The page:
|White-crowned sparrow (Zonotrichia leucophrys)|
Zonotrichia is a genus of five extant American sparrows of the family Passerellidae. Four of the species are North American, but the rufous-collared sparrow breeds in highlands from the extreme southeast of Mexico to Tierra del Fuego, and on Hispaniola.
The species in the genus Zonotrichia are:
|Image||Scientific name||Common Name||Distribution|
|Zonotrichia leucophrys||White-crowned sparrow||North America|
|Zonotrichia albicollis||White-throated sparrow||Canada and New England|
|Zonotrichia atricapilla||Golden-crowned sparrow||north-central Alaska (including the Aleutian Islands as far west as Unimak Island) and central Yukon south to the northwestern corner of the US state of Washington, and wintering from southern coastal Alaska to northern Baja California|
|Zonotrichia capensis||Rufous-collared sparrow||south-east of Mexico to Tierra del Fuego, and on the island of Hispaniola|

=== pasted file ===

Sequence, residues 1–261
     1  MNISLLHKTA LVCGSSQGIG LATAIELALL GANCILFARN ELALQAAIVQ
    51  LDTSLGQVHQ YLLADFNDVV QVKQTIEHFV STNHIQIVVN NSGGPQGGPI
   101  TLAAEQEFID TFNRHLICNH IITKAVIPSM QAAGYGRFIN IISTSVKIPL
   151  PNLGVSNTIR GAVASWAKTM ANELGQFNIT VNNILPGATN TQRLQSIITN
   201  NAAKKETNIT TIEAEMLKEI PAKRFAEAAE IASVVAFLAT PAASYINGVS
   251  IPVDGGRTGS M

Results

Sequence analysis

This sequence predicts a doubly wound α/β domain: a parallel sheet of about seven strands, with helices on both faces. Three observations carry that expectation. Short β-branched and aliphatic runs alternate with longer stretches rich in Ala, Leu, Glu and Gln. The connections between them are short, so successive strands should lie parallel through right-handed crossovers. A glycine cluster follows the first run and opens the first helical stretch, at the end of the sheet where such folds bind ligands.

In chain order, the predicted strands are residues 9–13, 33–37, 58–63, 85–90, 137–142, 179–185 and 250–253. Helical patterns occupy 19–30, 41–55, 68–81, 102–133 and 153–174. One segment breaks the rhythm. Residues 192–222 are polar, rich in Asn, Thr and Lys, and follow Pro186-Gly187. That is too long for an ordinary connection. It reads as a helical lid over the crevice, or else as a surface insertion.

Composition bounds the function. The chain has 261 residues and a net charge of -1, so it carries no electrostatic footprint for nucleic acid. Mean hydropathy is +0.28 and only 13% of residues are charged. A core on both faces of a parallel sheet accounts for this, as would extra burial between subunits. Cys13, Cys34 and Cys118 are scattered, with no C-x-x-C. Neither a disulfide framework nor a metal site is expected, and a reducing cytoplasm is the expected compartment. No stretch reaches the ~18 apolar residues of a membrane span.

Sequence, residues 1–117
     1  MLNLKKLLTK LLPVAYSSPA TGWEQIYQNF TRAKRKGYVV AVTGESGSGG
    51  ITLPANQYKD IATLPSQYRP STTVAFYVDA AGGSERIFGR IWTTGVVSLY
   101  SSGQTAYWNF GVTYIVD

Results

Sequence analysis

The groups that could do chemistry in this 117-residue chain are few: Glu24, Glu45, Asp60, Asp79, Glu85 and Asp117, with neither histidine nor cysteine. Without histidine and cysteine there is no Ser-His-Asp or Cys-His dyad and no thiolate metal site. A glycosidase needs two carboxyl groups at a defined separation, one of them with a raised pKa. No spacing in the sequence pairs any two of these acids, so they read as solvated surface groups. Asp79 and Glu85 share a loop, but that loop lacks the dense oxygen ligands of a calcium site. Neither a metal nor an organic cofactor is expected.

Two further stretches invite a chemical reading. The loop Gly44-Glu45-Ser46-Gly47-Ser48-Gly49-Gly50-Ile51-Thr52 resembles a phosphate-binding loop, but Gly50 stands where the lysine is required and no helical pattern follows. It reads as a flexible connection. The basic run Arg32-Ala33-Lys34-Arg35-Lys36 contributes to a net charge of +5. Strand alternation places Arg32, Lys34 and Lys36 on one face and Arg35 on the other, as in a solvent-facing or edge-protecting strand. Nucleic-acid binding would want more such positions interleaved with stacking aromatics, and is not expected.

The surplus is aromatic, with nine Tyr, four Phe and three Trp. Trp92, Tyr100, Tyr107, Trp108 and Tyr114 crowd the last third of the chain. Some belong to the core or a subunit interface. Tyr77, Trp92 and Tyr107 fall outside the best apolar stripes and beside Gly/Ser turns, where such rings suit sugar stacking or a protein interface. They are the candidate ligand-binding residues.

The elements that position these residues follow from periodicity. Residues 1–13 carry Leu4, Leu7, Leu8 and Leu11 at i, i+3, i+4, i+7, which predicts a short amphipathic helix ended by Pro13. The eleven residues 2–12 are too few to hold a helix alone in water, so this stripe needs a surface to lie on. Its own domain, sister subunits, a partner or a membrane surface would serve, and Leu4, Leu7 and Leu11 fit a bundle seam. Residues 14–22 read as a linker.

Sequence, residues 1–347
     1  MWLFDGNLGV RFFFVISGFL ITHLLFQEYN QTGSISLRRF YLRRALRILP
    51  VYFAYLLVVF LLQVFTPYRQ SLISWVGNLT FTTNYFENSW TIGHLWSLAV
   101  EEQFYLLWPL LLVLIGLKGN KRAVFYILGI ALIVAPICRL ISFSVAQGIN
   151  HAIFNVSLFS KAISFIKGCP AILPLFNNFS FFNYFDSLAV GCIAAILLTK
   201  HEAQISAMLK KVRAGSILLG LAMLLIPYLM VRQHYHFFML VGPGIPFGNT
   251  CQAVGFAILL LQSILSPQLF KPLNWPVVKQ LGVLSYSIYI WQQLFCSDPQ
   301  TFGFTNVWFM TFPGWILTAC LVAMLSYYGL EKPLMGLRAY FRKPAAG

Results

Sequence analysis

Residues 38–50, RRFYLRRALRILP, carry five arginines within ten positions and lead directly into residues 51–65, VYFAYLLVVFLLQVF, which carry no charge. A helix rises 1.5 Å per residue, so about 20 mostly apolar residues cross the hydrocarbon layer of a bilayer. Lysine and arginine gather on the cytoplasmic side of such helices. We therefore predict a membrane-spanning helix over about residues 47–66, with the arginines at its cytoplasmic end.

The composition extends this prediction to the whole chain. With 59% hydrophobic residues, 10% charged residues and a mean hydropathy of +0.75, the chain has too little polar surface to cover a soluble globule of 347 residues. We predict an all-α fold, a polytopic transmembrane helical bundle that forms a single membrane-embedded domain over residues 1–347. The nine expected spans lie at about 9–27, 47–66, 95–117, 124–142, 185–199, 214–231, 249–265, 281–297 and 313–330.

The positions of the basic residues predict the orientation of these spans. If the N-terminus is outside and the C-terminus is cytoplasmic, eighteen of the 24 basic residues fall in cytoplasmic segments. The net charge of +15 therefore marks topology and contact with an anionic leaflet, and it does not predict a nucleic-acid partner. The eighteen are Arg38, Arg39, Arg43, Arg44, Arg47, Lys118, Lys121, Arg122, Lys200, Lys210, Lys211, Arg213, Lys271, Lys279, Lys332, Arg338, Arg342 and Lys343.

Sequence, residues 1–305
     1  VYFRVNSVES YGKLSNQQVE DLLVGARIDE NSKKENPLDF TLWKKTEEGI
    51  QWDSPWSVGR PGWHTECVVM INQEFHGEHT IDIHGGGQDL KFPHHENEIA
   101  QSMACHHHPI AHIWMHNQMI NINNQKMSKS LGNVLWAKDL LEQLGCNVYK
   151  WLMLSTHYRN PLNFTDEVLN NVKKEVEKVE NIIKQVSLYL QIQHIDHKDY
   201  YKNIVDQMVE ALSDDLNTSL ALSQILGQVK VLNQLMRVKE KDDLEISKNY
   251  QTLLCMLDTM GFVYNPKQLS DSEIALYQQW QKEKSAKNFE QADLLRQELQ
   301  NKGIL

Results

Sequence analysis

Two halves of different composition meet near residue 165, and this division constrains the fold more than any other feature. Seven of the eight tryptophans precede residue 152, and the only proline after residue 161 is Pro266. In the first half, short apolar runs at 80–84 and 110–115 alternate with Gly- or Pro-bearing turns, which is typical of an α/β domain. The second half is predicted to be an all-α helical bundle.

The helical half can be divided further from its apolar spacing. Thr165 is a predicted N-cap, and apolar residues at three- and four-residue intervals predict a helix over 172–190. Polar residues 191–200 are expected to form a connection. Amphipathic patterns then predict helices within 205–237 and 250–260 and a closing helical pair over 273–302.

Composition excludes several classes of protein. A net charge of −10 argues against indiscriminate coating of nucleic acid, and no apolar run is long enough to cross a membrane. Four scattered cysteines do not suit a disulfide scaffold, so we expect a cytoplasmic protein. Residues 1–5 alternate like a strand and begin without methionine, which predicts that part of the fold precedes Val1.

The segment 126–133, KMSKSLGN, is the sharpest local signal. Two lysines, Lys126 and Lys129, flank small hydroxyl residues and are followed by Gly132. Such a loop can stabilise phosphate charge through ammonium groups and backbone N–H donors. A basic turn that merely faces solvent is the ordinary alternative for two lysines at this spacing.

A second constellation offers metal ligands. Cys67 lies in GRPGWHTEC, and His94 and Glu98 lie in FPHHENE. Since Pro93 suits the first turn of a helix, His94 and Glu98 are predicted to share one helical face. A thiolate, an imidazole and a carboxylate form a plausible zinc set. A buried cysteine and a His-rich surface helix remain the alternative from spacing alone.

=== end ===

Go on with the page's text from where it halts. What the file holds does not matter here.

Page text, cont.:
|Zonotrichia querula||Harris's sparrow||north part of central Canada (primarily the Northwest Territories and Nunavut, ranging slightly into northern Manitoba and Saskatchewan)|
|†Zonotrichia robusta||Miramar Formation, Argentina (Pleistocene)|
These birds have brown backs streaked with black, and distinctive head markings. Their cup nests, built by the female, are of plant material lined with fine grasses and constructed on the ground, low in a tree or bush, or in a niche in a wall.
The female lays brown-blotched greenish-blue or greenish white eggs, which she incubates for 12–14 days. The male helps in feeding the chicks.